Errors in scoring the Edinburgh Postnatal Depression scale

Stephen Matthey*, Charmian Lee, Rudi Črnčec, Tania Trapolini

*Corresponding author for this work

Research output: Contribution to journalArticlepeer-review

15 Citations (Scopus)


This study examined the errors made by clinicians when scoring the Edinburgh Postnatal Depression Scale (EPDS). This measure has items with reverse scoring that may increase the likelihood of errors being made. Four hundred ninety-six EPDS forms from client files in four clinical services were examined for item scoring errors and addition errors. Clinicians (N = 22) from the four services were also surveyed as to what rate of errors they expected the study would find and what rate would be unacceptable. Errors of either type were present in between 13.4 and 28.9 % of forms across the four sites. These error rates were greater than most of the surveyed clinicians expected and were at a level that was considered by most to be problematic. However, the error rates did not have a meaningful impact on the rates of women scoring above various cutoff scores often used with the EPDS. The EPDS is often incorrectly scored by practitioners at a level that is of concern to clinicians of these services. Clinical teams should adopt the use of scoring templates and a double adding-up procedure when using measures such as the EPDS as a way that may reduce such scoring errors.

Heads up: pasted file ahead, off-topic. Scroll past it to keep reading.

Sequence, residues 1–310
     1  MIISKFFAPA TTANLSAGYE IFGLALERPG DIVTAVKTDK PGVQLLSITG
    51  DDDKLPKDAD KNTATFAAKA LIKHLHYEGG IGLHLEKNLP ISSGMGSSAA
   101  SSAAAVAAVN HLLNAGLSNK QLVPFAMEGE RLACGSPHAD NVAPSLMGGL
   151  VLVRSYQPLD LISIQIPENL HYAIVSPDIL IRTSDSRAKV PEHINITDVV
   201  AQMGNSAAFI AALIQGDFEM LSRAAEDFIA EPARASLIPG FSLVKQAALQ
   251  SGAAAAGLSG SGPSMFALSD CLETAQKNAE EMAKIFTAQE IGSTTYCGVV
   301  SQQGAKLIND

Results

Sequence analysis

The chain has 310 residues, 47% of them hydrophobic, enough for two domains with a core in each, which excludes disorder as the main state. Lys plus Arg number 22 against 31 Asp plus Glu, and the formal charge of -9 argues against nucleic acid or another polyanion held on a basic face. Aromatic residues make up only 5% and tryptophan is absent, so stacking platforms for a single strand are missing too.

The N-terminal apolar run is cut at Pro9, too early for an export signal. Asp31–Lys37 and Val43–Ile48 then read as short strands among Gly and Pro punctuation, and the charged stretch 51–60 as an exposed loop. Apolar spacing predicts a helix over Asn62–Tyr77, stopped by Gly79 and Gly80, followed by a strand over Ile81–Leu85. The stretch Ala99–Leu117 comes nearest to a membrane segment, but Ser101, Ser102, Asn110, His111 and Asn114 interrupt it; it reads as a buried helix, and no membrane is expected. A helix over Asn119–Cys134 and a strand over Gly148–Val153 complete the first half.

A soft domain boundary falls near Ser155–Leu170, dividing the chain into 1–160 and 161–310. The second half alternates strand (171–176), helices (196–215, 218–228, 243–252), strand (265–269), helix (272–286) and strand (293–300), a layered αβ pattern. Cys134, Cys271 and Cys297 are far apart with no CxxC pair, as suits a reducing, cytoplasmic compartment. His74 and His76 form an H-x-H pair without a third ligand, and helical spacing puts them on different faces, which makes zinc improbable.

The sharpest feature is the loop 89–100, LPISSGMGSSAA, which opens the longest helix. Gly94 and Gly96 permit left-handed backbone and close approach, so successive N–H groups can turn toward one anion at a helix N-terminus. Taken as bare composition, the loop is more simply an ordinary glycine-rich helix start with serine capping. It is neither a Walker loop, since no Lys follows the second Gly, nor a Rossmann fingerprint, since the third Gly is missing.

Original languageEnglish
Pages (from-to)117-122
Number of pages6
JournalArchives of Women's Mental Health
Issue number2
Publication statusPublished - Apr 2013
Externally publishedYes


  • Edinburgh Scale
  • Perinatal mental health
  • Postnatal depression
  • Scoring errors
  • Screening


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